What is Gastritis

Gastritis, an inflammation or irritation of the lining of the stomach, is not considered a single disease. Rather, gastritis is a condition that has numerous causes. Common to all is pain or discomfort in the upper part of the belly (abdomen), sometimes called dyspepsia.

Statistics on Gastritis

An estimated 50% of the world population is infected with H pylori, an infection which leads to the greater majority of Gastritis cases, therefore, chronic gastritis is extremely frequent. H pylori infection is highly prevalent in Asia and in developing countries, and multifocal atrophic gastritis and gastric adenocarcinomas are more prevalent in these areas.

Risk Factors for Gastritis

Gastritis can also be caused by irritation from:

  • Medications (such as aspirin or anti-inflammatory drugs)
  • Alcohol
  • Chronic vomiting
  • Excess gastric acid secretion (such as from stress)
  • Eating or drinking caustic or corrosive substances (such as poisons)
  • Gastritis can occur suddenly (acute gastritis) or gradually (chronic gastritis).

Consider also:

  • Stress gastritis
  • Helicobacter pylori gastritis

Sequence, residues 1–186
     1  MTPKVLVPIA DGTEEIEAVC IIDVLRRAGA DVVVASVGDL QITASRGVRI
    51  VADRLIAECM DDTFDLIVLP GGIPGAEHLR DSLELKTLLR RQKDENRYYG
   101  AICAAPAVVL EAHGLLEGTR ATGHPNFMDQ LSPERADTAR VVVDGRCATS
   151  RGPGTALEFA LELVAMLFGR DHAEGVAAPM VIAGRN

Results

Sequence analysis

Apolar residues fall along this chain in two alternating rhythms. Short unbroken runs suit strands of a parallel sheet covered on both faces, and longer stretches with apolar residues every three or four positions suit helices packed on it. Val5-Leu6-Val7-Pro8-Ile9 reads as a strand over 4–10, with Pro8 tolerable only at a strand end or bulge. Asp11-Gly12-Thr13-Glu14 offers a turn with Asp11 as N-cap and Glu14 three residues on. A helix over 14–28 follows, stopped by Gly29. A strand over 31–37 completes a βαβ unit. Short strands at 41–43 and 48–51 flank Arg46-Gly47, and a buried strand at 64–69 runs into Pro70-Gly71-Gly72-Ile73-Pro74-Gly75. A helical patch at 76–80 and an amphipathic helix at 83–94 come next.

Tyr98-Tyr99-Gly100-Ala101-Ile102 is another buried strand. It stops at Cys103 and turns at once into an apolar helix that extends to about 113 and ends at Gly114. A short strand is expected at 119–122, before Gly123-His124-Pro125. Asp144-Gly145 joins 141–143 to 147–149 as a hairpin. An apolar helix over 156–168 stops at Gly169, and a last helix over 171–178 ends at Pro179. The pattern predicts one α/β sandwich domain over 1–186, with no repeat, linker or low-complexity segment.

• Chronic gastritis
  • Acute gastritis

Clinical Examination of Gastritis

The health care provider will first interview you about your symptoms, medical history, habits and lifestyle, and the medications you take. This information is enough to make the diagnosis in many people. Be sure to tell him or her about all the medications you take, including nonprescription drugs, herbal and botanical preparations, and supplements such as vitamins. Also report any measures, medication or otherwise, you have taken to relieve the symptoms and how well those measures worked.

How is Gastritis Diagnosed?

Tests vary depending on the specific cause. An upper GI x-ray, EGD, or other tests may be advised.

Prognosis of Gastritis

The outlook depends on the cause, but it is usually good.

How is Gastritis Treated?

Treatment depends on the specific cause. Some of the causes will resolve over time. Medications to decrease stomach acid secretion may be recommended.

Gastritis References

  1. Capella R, C Fiocca, Cornaggia M: Autoimmune gastritis. In: Graham DY, Genta RM, Dixon MF, eds. Gastritis. Philadelphia, Pa: Lippincott Williams; 1999: 79-96.
  2. Correa P: Human gastric carcinogenesis: a multistep and multifactorial process – First American Cancer Society Award Lecture on Cancer Epidemiology and Prevention. Cancer Res 1992 Dec 15; 52(24): 6735-40
  3. Malfertheiner P, Megraud F, O’Morain C: Current concepts in the management of Helicobacter pylori infection – the Maastricht 2-2000 Consensus Report. Aliment Pharmacol Ther 2002 Feb; 16(2): 167-80
  4. Medline

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